Second Time’s The Charm

 

Lawson residences at Von Louhr, 15-25 S. 61st St. | Photo: Peter Woodall

West Philadelphia nonprofit ACHIEVEability will cut the ribbon Wednesday on a $7 million renovation of its historic Lawson Residences at Von Louhr, on 61st St. just south of Market. The neighborhood has seen little investment for decades, but ACHIEVability combined tax credits in a new way to help finance the project.

“It’s probably the largest development in that immediate area in the last 50 years,” said ACHIEVEability CEO Marcus Allen. “I think it’ll have an immediate economic impact because many people who worked on this project were from this area, from West Philadelphia. It’s also going to have a great impact on the value of the houses around it.”

Photo: Robert Morris Skaler Collection, University of Pennsylvania

ACHIEVEability provides affordable housing and self-sufficiency programs to low-income, single parent families in West Philadelphia. In the late 1980s, as the organization set out to rehabilitate the building a first time, its leaders recognized the possibility of employing a tool it was already familiar with, the Federal Low-Income Housing Tax Credit (LIHTC), and another it had not used before, the Rehabilitation Tax Credit, which the Von Louhr building qualified for as part of the Haddington Historic District, a National Register of Historic Places district created in 1988.

At that time, the LIHTC and the Rehabilitation Tax Credit had never been employed in combination. The LIHTC had been used exclusively to subsidize the construction of affordable housing while the Rehabilitation Tax Credit had been used solely to subsidize the rehabilitation of National Register-listed properties. According to Allen, it took over two years and the assistance of nearly a hundred volunteer lawyers to figure out how to use the credits in combination. Thanks to this monumental effort, the credits are now used in combination regularly, making otherwise prohibitively expensive rehabs possible.

Living room in two bedroom unit | Photo: Peter Woodall

The decision to renovate the building a second time was fueled by rising maintenance and energy costs. BWA Architecture + Planning guided the extensive restoration, which included replacement of the HVAC system, insulation, interior walls, and windows with more energy efficient counterparts, and restoration of the original doors and millwork.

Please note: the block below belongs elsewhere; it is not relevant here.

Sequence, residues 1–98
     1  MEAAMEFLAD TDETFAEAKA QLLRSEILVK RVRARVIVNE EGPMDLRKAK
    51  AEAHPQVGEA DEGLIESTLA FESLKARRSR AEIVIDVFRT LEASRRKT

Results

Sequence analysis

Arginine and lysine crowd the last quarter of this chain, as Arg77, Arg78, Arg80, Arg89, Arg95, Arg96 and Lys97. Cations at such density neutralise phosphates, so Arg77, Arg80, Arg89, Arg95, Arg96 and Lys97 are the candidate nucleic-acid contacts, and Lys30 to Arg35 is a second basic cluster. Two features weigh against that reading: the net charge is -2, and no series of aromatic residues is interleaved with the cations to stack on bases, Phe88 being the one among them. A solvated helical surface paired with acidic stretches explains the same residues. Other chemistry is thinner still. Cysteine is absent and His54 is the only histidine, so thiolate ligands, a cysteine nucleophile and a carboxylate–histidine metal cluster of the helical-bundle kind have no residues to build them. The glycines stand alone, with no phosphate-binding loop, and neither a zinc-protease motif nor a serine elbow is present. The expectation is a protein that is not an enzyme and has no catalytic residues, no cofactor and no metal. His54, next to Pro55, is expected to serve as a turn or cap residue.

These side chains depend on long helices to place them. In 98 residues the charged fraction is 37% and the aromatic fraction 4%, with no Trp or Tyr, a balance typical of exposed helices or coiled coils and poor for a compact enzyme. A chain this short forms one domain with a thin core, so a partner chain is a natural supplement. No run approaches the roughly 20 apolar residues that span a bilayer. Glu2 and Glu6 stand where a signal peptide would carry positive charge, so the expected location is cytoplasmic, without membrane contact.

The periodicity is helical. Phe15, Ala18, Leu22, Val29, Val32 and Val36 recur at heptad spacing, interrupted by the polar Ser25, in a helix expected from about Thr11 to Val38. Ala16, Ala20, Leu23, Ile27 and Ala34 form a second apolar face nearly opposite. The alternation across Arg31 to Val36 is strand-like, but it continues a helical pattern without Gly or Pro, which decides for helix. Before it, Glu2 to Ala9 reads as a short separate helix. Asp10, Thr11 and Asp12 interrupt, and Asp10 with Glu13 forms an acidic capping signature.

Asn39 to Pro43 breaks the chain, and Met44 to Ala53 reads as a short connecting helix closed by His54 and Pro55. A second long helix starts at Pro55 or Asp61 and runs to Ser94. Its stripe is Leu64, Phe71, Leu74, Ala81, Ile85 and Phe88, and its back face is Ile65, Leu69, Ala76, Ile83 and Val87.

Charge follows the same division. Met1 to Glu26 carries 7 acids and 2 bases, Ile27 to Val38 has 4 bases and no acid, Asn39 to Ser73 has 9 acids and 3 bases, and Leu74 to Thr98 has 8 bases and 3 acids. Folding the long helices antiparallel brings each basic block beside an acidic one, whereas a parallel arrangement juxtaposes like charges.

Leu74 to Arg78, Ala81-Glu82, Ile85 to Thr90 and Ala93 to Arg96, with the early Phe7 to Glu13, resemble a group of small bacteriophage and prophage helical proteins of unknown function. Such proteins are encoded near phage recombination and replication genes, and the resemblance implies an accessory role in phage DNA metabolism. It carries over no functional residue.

This project, which creates affordable housing for families while preserving the most important features of the building, particularly its California Mission style facade, does much to honor the building’s curious history. Originally the Von Louhr apartment house, the property was built in 1912 by florist-turned-developer William C. Smith. With his profits from his nursery and Market Street shop, Smith established the Haddington Title and Trust Company bank.

With funding from his bank, Smith built Haddington, a transit-oriented community complete with apartment houses (including the Von Louhr), row houses, twin houses, and commercial buildings, on a two block tract adjacent to the newly-constructed Market-Frankford Elevated Line’s 60th Street Station. In terms of the variety of uses and styles, Haddington was intended to mirror the distinct, mostly self-sufficient communities that had grown around each of the Market-Frankford El stops to the east.

About the author

Rachel Hildebrandt, a graduate of PennDesign, is a native Philadelphian who is passionate about the changing city she inhabits. Before beginning her graduate studies in historic preservation with a focus on policy, Rachel obtained a B.A. in Psychology from Chestnut Hill College and co-authored two books, The Philadelphia Area Architecture of Horace Trumbauer (2009) and Oak Lane, Olney, and Logan (2011). She currently works as a senior program manager at Partners for Sacred Places.



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